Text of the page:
It was quite an effort to be sure, but Mr Johnson believes this year there will be push-back: not just at AGL but also on the whole idea of jumping headlong into ESG.
“What you are seeing at AGL is that a particular shareholder who has a view of how the world should be and you may not find the whole register agrees with that,” Mr Johnson said.
He also pointed to BHP, which sold the Cerrejón coal mine in Columbia to Glencore. The Swiss giant then went on to make five times the purchase price in just one year.
“What has this actually achieved for the world? The asset is still there. It’s still producing coal. It’s just owned by someone else and BHP shareholders have lost billions of dollars worth of value.”
Coal and other fossil fuel companies that have been outperforming the market will still be under pressure this coming year, not on performance but on the need to return money to shareholders rather than reinvest in new mines.
“This is a space where we are going to see activism around capital discipline rather than expansion,” Mr Johnson said. “That’s what‘s likely to keep prices and profits high for longer than would otherwise be the case.”
When looking at his own share portfolio, Mr Johnson named Bigtincan and Whispir as likely candidates for activism and needed pressure to “live within their means.” Bigtincan responded to a recent takeover offer by conducting a share placement, frustrating many shareholders.
Outspoken investor Geoff Wilson from Wilson Asset Management said there were a number of companies his firm holds that should be doing buy backs or being more aggressive on their dividends given a discount to net tangible assets (NTA) or excess cash or franking credits on the balance sheet.
While he is happy with how the companies he owns have performed operationally through a very tough 2022, he thinks directors and boards can do more to extract shareholder value In 2023.
“As an example, Australian Vintage have recently just sold two vineyards for double their balance sheet value yet their share price trades at a 40 per cent discount to NTA,” Mr Wilson said. “They should be buying back stock in our view or if they aren‘t willing to do that, they should sell the whole business.”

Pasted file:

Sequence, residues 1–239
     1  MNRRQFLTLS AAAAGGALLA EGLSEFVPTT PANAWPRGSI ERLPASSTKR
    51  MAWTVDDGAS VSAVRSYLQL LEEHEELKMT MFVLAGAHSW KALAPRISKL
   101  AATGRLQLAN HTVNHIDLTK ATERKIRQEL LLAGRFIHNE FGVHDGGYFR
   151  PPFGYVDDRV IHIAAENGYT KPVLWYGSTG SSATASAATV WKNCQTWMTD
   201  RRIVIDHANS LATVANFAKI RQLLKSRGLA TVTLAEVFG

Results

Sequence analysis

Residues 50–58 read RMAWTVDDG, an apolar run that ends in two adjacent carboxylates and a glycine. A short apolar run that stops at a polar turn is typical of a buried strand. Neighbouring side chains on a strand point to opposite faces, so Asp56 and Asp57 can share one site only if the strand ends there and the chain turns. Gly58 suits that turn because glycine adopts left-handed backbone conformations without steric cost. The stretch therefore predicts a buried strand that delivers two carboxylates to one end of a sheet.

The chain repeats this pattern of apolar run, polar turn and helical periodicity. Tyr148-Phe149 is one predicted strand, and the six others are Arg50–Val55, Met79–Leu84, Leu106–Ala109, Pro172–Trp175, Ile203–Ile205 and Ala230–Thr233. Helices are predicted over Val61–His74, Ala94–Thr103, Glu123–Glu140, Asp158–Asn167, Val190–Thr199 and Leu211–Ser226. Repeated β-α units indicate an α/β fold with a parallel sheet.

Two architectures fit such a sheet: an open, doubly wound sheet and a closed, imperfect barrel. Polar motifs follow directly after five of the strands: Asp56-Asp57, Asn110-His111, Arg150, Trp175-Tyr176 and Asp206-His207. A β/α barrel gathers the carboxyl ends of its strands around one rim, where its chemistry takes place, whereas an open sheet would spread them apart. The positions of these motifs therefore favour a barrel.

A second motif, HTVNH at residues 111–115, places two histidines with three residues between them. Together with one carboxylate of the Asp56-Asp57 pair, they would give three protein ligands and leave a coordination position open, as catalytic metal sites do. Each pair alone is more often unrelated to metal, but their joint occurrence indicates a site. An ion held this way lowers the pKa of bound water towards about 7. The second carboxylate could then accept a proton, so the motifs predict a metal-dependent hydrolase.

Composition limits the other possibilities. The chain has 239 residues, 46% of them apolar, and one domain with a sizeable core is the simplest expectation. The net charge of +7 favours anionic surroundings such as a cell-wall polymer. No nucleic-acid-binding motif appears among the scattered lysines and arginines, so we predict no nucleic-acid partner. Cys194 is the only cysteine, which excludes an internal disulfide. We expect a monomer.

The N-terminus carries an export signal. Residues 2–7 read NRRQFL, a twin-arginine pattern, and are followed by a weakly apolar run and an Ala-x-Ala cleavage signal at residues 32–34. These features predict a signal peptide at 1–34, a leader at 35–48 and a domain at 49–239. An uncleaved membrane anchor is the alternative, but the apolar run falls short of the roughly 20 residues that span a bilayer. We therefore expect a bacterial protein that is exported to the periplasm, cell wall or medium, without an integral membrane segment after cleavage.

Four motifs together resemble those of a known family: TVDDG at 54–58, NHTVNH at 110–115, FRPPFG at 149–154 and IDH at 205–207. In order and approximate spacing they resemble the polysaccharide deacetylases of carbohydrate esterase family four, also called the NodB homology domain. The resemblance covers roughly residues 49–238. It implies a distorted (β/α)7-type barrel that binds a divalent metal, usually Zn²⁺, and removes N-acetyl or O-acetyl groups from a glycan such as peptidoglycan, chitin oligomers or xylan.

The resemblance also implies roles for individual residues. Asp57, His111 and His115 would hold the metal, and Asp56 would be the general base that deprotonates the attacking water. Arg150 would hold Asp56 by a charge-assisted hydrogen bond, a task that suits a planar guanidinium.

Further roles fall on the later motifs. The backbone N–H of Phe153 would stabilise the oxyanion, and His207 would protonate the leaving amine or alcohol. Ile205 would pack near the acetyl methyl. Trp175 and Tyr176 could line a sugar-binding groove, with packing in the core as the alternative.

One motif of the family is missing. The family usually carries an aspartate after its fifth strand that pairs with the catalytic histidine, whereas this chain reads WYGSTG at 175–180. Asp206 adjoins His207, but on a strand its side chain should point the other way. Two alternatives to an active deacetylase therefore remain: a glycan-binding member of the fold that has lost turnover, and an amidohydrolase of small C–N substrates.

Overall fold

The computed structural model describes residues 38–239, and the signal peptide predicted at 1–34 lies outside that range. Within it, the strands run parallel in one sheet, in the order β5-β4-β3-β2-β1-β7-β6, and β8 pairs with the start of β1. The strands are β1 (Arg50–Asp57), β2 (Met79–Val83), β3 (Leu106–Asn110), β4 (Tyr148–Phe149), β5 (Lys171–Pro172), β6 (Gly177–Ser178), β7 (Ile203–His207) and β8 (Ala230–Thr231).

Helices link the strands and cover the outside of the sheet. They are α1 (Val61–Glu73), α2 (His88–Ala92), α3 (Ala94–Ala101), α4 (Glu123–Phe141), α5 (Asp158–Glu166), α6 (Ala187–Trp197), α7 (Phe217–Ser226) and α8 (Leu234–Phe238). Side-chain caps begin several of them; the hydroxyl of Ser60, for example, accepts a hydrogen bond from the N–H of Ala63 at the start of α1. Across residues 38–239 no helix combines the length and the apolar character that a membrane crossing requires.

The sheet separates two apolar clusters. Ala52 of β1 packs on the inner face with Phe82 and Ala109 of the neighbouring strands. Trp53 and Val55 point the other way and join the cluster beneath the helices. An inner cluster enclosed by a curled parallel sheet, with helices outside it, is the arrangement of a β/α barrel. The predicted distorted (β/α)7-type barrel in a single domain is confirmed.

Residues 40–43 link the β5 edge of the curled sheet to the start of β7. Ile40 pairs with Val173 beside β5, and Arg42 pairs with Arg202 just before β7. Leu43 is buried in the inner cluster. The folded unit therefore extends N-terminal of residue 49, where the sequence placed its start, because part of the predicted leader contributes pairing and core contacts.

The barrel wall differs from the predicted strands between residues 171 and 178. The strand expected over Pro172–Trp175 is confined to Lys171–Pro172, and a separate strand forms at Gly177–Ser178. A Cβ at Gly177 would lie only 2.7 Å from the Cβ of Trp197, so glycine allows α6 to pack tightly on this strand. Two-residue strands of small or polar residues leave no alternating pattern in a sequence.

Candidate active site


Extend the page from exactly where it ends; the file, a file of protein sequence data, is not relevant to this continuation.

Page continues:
Sigma is another business Mr Wilson thinks is undervalued by the market with a possible sale and leaseback or other asset sales a way to extract value.
“Both Super Retail, Silk Lasers and Capitol Health have strong balance sheets and should be buying back stock. While Mermaid Marine has performed strongly and management has done an exceptional job, the business is still trading at a discount to NTA and we think they should be doing a buyback too.”
Mr Wilson also named Myer as a company that has the potential to reward shareholders with a stronger fully franked dividend at its upcoming result.
In Mr Wilson‘s view, regional construction and residential property company, Mass Group should consolidate after a period of acquisitive growth over the last 12-18 months given a tougher property market.
Also on his list was Seven Group, with the outspoken investor saying Seven should sell its stake in Beach Energy.
“We think management of Seven are excellent, however we don’t think Beach fits within Seven’s industrial services portfolio. If they were to sell their shareholding it would be very positive for the Seven Group and generate a rerating of their share price.”